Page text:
A group of physicists in China has taken the lead in the race to couple together increasing numbers of superconducting qubits. The researchers have shown that they can entangle 10 qubits connected to one another via a central resonator – so beating the previous record by one qubit – and say that their result paves the way to quantum simulators that can calculate the behaviour of small molecules and other quantum-mechanical systems much more efficiently than even the most powerful conventional computers.
Superconducting circuits create qubits by superimposing two electrical currents, and hold the promise of being able to fabricate many qubits on a single chip through the exploitation of silicon-based manufacturing technology. In the latest work, a multi-institutional group led by Jian-Wei Pan of the University of Science and Technology of China in Hefei, built a circuit consisting of 10 qubits, each half a millimetre across and made from slivers of aluminium laid on to a sapphire substrate. The qubits, which act as non-linear LC oscillators, are arranged in a circle around a component known as a bus resonator.
Initially, the qubits are put into a superposition state of two oscillating currents with different amplitudes by supplying each of them with a very low-energy microwave pulse. To avoid interference at this stage, each qubit is set to a different oscillation frequency. However, for the qubits to interact with one another, they need to have the same frequency. This is where the bus comes in. It allows qubits to transfer energy from one another, but does not absorb any of that energy itself.
The end result of this process, says team member Haohua Wang of Zhejiang University, is entanglement, or, as he puts it, “some kind of magical interaction”. To establish just how entangled their qubits were, the researchers used what is known as quantum tomography to find out the probability of detecting each of the thousands of possible states that this entanglement could generate. The outcome: their measured probability distribution yielded the correct state on average about two thirds of the time. The fact that this “fidelity” was above 50%, says Wang, meant that their qubits were “entangled for sure”.
According to Shibiao Zheng of Fuzhou University, who designed the entangling protocol, the key ingredient in this set-up is the bus. This, he says, allows them to generate entanglement “very quickly”.
The previous record of nine for the number of entangled qubits in a superconducting circuit was held by John Martinis and colleagues at the University of California, Santa Barbara and Google. That group uses a different architecture for their system; rather than linking qubits via a central hub they instead lay them out in a row and connect each to its nearest neighbour. Doing so allows them to use an error-correction scheme that they developed known as surface code.
Error correction will be vital for the functioning of any large-scale quantum computer in order to overcome decoherence – the destruction of delicate quantum states by outside interference. Involving the addition of qubits to provide cross-checking, error correction relies on each gate operation introducing very little error. Otherwise, errors would simply spiral out of control. In 2015, Martinis and co-workers showed that superconducting quantum computers could in principle be scaled up, when they built two-qubit gates with a fidelity above that required by surface code – introducing errors less than 1% of the time.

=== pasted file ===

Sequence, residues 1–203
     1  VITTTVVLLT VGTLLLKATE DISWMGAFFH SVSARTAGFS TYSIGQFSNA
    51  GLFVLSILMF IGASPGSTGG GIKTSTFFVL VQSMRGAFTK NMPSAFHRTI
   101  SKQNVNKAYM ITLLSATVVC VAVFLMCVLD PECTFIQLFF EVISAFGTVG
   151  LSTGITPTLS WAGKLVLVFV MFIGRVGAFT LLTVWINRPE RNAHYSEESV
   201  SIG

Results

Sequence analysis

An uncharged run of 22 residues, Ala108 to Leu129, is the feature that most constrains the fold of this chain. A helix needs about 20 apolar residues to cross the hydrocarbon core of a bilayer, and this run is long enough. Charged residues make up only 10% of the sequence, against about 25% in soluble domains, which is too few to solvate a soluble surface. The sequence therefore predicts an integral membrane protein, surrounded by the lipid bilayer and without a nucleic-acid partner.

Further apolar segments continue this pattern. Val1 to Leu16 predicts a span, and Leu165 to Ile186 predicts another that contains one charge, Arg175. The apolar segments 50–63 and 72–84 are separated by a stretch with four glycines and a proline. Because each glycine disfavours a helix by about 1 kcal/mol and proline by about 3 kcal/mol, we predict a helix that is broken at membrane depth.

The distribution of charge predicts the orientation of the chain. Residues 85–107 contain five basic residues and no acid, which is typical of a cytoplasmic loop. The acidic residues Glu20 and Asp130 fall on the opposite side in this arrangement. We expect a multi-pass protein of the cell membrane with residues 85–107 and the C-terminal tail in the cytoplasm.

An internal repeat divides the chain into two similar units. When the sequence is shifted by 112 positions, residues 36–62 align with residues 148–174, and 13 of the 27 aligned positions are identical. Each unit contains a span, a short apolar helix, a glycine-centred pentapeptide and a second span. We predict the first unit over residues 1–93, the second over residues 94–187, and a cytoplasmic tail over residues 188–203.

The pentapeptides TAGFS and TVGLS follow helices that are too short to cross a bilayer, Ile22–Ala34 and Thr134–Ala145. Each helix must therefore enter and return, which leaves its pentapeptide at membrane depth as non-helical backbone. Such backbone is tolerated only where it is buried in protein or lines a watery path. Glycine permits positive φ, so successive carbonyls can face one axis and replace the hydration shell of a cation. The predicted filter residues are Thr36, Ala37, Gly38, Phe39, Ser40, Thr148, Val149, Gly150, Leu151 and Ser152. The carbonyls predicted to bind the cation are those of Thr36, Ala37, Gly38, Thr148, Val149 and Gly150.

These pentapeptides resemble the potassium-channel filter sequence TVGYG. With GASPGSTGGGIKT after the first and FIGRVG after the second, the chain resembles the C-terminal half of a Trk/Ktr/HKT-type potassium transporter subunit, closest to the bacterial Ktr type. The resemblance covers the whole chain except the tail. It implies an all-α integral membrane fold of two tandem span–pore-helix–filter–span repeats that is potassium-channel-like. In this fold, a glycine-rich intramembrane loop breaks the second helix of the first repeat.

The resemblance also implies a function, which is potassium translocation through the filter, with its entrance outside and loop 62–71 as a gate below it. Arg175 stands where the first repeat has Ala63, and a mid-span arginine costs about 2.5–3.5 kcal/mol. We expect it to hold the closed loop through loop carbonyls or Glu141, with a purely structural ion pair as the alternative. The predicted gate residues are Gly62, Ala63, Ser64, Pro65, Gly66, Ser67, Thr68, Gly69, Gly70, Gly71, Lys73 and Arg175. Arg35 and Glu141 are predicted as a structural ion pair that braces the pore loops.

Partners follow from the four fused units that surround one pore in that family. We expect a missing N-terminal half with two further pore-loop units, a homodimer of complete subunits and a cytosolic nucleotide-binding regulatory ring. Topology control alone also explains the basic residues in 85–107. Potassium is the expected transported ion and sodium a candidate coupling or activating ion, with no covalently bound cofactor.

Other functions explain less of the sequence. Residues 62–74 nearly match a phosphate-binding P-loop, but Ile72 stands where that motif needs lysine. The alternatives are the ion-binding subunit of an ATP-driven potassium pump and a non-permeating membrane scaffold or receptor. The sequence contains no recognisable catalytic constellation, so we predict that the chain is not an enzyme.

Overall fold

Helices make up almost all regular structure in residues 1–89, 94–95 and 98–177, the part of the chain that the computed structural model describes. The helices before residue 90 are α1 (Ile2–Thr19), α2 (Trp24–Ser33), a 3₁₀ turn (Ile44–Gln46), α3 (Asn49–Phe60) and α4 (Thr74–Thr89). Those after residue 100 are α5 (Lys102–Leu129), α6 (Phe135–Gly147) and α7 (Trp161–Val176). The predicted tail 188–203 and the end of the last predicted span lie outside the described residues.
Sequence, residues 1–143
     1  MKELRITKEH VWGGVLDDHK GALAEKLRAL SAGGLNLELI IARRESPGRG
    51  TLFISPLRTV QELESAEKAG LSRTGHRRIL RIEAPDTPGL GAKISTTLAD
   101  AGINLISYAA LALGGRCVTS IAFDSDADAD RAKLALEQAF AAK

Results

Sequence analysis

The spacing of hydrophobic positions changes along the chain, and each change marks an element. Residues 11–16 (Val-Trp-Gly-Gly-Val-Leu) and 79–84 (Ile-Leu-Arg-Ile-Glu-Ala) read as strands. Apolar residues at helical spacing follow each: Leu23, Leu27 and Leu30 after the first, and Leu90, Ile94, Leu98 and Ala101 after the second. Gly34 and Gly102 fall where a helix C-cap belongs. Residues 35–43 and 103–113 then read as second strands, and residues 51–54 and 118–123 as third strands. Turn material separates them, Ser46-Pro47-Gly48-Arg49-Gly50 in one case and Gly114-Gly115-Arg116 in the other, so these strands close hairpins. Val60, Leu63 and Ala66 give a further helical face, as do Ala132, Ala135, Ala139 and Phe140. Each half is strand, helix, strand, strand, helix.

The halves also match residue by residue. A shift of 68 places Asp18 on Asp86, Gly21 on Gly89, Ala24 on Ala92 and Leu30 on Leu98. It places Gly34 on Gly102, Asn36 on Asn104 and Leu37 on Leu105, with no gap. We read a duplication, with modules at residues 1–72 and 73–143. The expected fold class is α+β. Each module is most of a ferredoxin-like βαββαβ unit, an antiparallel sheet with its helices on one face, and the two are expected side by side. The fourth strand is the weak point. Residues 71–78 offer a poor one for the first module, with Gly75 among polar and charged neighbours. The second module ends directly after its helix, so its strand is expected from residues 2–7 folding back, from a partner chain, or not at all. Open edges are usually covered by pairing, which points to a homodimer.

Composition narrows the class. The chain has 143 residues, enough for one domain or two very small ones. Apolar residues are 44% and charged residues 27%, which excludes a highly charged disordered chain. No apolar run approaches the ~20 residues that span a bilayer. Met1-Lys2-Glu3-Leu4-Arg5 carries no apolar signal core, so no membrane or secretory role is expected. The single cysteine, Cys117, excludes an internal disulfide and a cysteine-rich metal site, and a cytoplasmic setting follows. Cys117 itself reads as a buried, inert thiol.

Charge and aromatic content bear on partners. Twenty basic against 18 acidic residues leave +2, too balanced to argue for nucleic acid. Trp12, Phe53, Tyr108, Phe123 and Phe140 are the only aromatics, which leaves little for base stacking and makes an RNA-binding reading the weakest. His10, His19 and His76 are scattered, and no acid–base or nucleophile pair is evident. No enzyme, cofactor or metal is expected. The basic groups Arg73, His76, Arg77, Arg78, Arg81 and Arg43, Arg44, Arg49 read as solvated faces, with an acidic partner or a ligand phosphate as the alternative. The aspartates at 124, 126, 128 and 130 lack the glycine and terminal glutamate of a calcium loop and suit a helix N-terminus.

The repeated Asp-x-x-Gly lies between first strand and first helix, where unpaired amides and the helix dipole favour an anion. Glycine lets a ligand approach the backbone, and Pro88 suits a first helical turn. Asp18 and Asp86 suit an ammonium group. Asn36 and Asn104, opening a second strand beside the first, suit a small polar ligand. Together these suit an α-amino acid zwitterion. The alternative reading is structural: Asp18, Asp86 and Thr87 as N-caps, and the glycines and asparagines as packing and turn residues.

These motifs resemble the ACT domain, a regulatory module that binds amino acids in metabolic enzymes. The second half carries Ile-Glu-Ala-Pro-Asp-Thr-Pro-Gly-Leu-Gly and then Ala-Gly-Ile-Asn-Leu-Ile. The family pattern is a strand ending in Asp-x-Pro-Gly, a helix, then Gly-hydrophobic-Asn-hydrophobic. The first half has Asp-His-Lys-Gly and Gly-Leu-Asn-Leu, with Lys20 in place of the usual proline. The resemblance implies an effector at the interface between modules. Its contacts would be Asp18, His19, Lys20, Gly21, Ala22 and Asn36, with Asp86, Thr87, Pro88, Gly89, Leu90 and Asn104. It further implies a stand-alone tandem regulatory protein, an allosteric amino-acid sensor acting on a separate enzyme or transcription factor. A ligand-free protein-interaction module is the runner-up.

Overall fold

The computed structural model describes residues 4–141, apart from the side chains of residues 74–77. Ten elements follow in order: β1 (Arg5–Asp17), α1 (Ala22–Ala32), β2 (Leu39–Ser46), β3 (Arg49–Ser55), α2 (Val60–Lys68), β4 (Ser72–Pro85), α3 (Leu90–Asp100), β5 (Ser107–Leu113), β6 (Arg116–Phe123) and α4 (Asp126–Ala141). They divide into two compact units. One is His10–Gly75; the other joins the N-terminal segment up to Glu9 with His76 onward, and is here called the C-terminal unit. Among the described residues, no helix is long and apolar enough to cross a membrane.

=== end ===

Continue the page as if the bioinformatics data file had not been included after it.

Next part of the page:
Martinis praises Pan and colleagues for their “nicely done experiment”, in particular for their speedy entangling and “good single-qubit operation”. But it is hard to know how much of an advance they have really made, he argues, until they fully measure the fidelity of their single-qubit gates or their entangling gate. “The hard thing is to scale up with good gate fidelity,” he says.
Wang says that the Chinese collaboration is working on an error-correction scheme for their bus-centred architecture. But he argues that in addition to exceeding the error thresholds for individual gates, it is also important to demonstrate the precise operation of many highly entangled qubits. “We have a global coupling between qubits,” he says. “And that turns out to be very useful.”
Wang acknowledges that construction of a universal quantum computer – one that would perform any quantum algorithm far quicker than conventional computers could – is not realistic for the foreseeable future given the many millions of qubits such a device is likely to need. For the moment, Wang and his colleagues have a more modest aim in mind: the development of a “quantum simulator” consisting of perhaps 50 qubits, which could outperform classical computers when it comes to simulating the behaviour of small molecules and other quantum systems.
Xiaobo Zhu of the University of Science and Technology of China, who was in charge of fabricating the 10-qubit device, says that the collaboration aims to build the simulator within the next “5–10 years”, noting that this is similar to the timescale quoted by other groups including the one of Martinis. “We are trying to catch up with the best groups in the world,” he says.
The research is reported on the arXiv server.